College the first time round was a disaster. I did not have the developmental maturity necessary to focus on academics. As a freshman I was in an advanced English class and did not like the way the teacher taught the course. Because of the first reason, I didn’t know how to deal with the second, and so my passion for being an English major was sunk. I spent four years experimenting with various interests – languages (oddly enough, despite my horrific French experience in junior and senior high), history (loved reading about the personalities), and graphic arts (where I felt creative and got involved with the startup of a college magazine).
However, with insufficient credits in any one major area and a gpa reflective of unfocused freshman and sophomore years, I was unable to graduate after four years. Having had enough of school at the ripe age of twenty-one, I was eager to get out and work. Had I been at a university where it was possible to craft my own major, it might have been a different story.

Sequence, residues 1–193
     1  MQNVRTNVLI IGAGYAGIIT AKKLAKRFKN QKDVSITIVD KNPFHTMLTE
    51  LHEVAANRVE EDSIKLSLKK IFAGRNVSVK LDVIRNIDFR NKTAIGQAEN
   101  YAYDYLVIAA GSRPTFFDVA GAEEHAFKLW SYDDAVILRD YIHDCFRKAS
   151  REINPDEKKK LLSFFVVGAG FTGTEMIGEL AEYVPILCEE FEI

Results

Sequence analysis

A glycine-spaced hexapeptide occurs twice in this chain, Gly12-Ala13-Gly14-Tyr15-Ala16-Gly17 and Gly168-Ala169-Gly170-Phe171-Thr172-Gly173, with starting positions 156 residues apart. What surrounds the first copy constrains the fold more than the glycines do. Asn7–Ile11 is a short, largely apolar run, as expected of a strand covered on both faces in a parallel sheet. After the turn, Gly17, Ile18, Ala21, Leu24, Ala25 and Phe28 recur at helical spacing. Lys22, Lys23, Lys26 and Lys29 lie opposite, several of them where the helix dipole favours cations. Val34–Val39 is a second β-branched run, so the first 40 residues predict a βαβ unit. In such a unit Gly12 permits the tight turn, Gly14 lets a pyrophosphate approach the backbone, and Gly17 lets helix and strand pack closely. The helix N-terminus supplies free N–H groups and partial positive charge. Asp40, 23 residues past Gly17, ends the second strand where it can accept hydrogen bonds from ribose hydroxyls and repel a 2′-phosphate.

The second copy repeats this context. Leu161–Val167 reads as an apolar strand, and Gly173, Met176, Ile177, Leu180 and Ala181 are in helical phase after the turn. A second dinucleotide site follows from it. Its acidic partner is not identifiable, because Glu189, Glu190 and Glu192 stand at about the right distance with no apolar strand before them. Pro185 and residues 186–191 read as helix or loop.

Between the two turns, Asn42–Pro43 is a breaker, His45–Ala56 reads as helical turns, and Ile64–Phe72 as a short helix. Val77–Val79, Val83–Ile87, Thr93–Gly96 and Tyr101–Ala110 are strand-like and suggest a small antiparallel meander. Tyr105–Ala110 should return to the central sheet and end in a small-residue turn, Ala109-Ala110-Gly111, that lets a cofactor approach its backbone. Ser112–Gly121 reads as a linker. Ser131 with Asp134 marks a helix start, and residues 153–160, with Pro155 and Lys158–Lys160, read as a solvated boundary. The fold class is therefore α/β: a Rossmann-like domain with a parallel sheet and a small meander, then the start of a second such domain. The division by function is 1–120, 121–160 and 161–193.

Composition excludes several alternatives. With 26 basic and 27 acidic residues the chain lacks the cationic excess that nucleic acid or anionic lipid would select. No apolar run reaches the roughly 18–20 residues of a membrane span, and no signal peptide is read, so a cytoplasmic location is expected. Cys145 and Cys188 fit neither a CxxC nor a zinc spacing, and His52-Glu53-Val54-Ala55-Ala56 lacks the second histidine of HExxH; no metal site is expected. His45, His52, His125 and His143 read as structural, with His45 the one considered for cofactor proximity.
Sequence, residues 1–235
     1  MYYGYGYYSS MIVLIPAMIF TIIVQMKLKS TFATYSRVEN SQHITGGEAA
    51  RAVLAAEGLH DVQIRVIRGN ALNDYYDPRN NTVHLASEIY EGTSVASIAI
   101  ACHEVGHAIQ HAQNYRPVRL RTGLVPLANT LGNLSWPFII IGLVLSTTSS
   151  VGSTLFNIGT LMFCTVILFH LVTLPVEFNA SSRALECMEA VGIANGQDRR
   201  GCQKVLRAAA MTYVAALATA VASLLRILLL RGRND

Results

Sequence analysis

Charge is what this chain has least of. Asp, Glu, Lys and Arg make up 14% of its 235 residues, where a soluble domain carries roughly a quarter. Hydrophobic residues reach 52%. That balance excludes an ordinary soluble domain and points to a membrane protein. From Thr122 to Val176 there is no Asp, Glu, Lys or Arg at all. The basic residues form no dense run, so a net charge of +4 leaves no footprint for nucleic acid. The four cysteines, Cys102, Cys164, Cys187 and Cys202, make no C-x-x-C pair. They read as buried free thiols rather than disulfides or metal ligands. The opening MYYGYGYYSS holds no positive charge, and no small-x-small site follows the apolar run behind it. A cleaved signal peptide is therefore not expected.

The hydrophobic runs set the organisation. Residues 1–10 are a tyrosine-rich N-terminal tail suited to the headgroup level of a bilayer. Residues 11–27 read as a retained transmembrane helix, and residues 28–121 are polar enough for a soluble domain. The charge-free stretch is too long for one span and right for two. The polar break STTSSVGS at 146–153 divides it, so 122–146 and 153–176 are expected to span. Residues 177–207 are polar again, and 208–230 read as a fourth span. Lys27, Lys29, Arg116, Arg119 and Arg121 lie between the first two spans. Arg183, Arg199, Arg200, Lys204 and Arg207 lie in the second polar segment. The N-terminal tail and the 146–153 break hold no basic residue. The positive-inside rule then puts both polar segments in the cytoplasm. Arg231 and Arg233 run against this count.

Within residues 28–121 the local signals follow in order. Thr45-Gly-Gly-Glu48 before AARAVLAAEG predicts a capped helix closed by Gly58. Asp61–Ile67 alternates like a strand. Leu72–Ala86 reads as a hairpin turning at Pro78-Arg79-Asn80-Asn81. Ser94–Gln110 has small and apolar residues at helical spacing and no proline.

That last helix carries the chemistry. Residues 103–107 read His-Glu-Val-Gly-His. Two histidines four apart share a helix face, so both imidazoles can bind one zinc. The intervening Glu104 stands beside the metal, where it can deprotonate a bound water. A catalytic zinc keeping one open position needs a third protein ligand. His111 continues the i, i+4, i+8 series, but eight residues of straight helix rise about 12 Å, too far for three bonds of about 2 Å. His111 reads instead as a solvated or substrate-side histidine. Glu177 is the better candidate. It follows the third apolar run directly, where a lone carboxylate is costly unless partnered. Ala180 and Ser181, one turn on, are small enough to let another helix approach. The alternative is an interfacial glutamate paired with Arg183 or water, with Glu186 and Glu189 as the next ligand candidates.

A few years later, now married and living in New York City, my credits were accepted at a local university where I would be a transfer student in the College of Business and Public Administration. My husband was in graduate school, which motivated me to return to school to complete my undergraduate degree. By this time I was working full time and had a huge appreciation for the benefits of a degree, and the delight of intellectual pursuit.
As a result of various jobs I had held in the nonprofit sector or with family-owned businesses, I was intensely curious about how these businesses could be better organized and managed. I became an avid student, studying for understanding, and questioning based upon my experience as a young adult. By day I was the sole wage earner in our family of two, by evening I was a full time student willingly pouring hours into my studies. The result was I did well in all classes but one (marketing, which I considered to be baloney), and graduated college ten years after graduating high school.
Note taking, and taking neat notes, highlighting texts (though I wouldn’t learn the trick of writing notes in the columns for another twenty years!), and studying by talking aloud, were the strategies that stood me well at NYU.